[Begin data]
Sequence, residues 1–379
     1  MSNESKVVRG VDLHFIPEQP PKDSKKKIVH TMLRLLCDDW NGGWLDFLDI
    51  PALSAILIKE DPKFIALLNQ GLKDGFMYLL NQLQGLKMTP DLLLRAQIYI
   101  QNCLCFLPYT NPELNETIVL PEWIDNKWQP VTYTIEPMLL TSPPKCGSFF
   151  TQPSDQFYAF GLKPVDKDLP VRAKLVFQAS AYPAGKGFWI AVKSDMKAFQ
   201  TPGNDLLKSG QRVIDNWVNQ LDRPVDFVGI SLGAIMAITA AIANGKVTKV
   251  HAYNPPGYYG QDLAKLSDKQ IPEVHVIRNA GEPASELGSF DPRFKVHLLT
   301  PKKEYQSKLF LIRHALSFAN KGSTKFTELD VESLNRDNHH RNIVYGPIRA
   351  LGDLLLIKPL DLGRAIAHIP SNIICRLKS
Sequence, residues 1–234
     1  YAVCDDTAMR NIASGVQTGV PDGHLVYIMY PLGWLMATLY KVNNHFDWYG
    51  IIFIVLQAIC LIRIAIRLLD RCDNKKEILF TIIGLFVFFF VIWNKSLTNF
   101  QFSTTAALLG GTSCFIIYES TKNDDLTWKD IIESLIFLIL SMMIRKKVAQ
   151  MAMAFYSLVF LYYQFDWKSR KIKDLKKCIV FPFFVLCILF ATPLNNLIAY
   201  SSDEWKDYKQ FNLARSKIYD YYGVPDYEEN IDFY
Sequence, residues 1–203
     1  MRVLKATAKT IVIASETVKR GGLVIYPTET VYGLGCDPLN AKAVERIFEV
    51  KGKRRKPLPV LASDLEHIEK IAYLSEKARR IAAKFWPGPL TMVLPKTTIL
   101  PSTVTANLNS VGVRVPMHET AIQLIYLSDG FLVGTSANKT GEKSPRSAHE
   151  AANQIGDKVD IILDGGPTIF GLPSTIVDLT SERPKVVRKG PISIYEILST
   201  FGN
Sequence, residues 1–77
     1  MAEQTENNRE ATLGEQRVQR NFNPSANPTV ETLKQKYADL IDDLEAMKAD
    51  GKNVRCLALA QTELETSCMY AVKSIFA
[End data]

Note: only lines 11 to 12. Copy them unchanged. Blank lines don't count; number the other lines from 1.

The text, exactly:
     1  YAVCDDTAMR NIASGVQTGV PDGHLVYIMY PLGWLMATLY KVNNHFDWYG
    51  IIFIVLQAIC LIRIAIRLLD RCDNKKEILF TIIGLFVFFF VIWNKSLTNF